|Publication number||US4988900 A|
|Application number||US 07/456,644|
|Publication date||Jan 29, 1991|
|Filing date||Dec 27, 1989|
|Priority date||Dec 28, 1988|
|Also published as||DE68905325D1, DE68905325T2, EP0377388A1, EP0377388B1|
|Publication number||07456644, 456644, US 4988900 A, US 4988900A, US-A-4988900, US4988900 A, US4988900A|
|Original Assignee||Sgs-Thomson Microelectronics S.A.|
|Export Citation||BiBTeX, EndNote, RefMan|
|Patent Citations (17), Non-Patent Citations (2), Referenced by (49), Classifications (9), Legal Events (4)|
|External Links: USPTO, USPTO Assignment, Espacenet|
The present invention relates to a waveform generator for an analog electric signal.
The aim of such a device is to produce an analog electric signal having a well determined shape from digital information applied in the form of digital word sequences, each word representing an increment of the analog signal.
In an exemplary embodiment, each of the words may comprise three bits, so that there are at the most six possible increment values for the analog signal. The generator periodically receives a 3-bit word, and the output signal is incremented by a value which depends upon the word value.
Before describing the general structure of the generator, an exemplary embodiment will be disclosed to show the requirements that are to be met for realizing the generator.
The chosen example relates to a telecommunication circuit comprising a telephone line which has to emit sinusoid portions having a determined frequency.
The sinusoid portions are determined in the form of a series of digital words representing the positive or negative increments that are to be constantly added to the signal so that this signal actually represents a sinusoid portion.
Digital words comprising only one bit representing an increment sign could be envisaged: +V or -V increment; but then the maximum output slope of the analog signal is limited since form one sampling period to the next one it is not possible to increase the analog signal by more than one increment. Indeed, this increment necessarily has a relatively low value with respect to the overall amplitude of the analog signal, if it is desired to realize low slopes for the output signal without being compelled to provide for the possibility of generating null increments (which is not desirable for transmission mode reasons).
That is the reason why it is chosen to define the analog signal by increments having several possible amplitudes; in the example chosen for illustrating the problem, the digital words have 3 bits permitting to determine 5 possible values, which are: 1 null central value, 2 positive values and 2 negative values, the absolute values of which are equal to the positive values.
However, still in the same example, it has been provided that the positive values are in a ratio equal to 3.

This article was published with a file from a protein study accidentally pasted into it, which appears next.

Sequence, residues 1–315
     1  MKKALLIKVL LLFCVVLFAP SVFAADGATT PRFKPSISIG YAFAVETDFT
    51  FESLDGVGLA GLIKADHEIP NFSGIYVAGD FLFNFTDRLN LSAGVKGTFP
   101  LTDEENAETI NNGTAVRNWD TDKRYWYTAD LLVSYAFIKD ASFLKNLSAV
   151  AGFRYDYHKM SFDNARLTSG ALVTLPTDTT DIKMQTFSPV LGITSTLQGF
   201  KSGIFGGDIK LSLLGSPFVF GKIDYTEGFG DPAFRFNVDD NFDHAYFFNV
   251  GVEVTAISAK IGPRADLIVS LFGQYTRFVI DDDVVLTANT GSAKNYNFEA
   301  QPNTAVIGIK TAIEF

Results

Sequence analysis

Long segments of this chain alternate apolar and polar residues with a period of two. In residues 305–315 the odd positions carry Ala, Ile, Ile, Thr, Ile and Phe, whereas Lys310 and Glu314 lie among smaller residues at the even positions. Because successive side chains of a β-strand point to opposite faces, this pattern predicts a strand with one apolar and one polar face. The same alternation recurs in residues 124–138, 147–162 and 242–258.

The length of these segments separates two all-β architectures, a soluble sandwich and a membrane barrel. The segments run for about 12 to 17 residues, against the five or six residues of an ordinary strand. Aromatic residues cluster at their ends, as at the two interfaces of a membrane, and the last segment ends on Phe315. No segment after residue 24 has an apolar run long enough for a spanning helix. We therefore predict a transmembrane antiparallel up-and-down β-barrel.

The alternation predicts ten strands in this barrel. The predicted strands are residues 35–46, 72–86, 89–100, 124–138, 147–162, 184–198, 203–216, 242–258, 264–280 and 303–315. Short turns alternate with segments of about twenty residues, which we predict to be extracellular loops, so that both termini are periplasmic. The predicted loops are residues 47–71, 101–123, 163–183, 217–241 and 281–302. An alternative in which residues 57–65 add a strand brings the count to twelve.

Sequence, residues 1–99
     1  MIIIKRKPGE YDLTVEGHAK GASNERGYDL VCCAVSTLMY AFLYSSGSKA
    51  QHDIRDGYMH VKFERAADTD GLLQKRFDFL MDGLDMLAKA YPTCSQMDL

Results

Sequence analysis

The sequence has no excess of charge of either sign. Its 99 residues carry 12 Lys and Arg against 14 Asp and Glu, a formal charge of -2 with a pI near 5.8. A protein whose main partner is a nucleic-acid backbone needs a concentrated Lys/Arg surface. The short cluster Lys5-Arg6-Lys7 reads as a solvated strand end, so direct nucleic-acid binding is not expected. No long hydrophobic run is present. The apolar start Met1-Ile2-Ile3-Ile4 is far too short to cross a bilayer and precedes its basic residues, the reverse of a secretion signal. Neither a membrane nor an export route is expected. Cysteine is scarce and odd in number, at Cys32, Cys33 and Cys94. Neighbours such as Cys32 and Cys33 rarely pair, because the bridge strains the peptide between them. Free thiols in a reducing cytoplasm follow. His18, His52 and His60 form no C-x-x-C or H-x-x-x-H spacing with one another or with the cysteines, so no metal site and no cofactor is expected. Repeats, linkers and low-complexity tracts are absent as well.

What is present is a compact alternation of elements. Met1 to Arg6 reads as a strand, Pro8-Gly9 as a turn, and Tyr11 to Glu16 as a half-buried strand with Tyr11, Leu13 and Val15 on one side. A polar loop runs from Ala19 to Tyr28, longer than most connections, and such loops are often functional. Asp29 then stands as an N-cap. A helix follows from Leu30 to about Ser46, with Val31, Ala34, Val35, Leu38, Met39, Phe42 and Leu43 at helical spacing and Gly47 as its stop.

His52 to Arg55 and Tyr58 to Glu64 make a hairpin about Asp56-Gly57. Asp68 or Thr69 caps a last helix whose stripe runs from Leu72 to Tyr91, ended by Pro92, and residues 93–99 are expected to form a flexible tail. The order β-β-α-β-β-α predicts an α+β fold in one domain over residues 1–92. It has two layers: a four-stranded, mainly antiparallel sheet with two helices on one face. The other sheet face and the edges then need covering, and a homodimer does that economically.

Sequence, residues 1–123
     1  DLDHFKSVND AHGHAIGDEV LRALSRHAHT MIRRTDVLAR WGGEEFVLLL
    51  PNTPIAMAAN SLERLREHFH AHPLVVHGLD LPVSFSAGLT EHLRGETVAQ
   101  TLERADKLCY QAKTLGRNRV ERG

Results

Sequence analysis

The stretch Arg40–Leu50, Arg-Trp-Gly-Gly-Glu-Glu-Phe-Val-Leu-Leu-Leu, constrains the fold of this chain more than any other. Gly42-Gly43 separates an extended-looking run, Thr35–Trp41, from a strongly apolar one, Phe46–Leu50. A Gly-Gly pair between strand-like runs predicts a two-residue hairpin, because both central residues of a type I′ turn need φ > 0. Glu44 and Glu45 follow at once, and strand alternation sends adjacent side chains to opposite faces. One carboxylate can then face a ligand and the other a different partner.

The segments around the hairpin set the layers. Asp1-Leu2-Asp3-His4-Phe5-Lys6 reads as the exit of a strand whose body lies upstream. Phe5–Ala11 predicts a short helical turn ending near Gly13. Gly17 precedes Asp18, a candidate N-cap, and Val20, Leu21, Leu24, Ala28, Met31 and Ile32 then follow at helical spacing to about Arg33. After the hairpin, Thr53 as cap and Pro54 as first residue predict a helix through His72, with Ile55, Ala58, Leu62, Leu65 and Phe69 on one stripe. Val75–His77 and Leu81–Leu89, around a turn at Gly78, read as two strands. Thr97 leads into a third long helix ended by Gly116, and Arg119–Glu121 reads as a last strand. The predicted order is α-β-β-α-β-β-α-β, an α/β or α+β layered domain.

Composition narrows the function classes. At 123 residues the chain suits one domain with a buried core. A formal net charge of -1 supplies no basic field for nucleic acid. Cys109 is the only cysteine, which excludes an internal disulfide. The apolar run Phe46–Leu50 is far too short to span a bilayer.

In other words, if V is the increment value of the elementary analog signal, the 5 possible increment values are:
-3V, -V , O , V , 3V
It will be noted later on that this ratio 3 plays an essential role (however, the ratio could be different, for example equal to 4 or 5).
The digital words can be applied to a very high input frequency, the output analog signal exhibiting the form of a step signal wherein the sampling period is substantially higher than twice the maximum frequency of the analog signal spectrum to be produced; in this way, there is no problem in smoothing the signal through a non-sampled low-pass filter, positioned at the generator output.
Typically, the sampling frequency can be 15 MHz for an analog signal, the spectrum of which is limited to 80 KHz.
The principle of restoring an analog signal by a series of digital words representing a very low number of possible increments is therefore very advantageous since it limits the complexity of the digital/analog conversion circuits (it is easier to process 3 bits at high frequency that 12 bits) and it facilitates the smoothing filter realization at the output (this filter is different to form when the sampling frequency is too close to twice the maximum frequency of the analog signal to be produced).
However, in order for the waveform generator to operate satisfactorily, it is then necessary that the value of the increments be accurately determined, failing which the signal produced is not the signal that is expected. This is easily understood since an integration of successive increments is carried out: a small difference in one increment may, if it is often repeated, lead to a very important trouble in the shape of the produced signal.
One of the objects of the invention is to provide for an analog signal waveform generator that supplies signal increments as accurate as possible and, in particular, increments that are in close relative ratio the one with respect to the other when several increment values are liable to be generated as a function of the input digital word.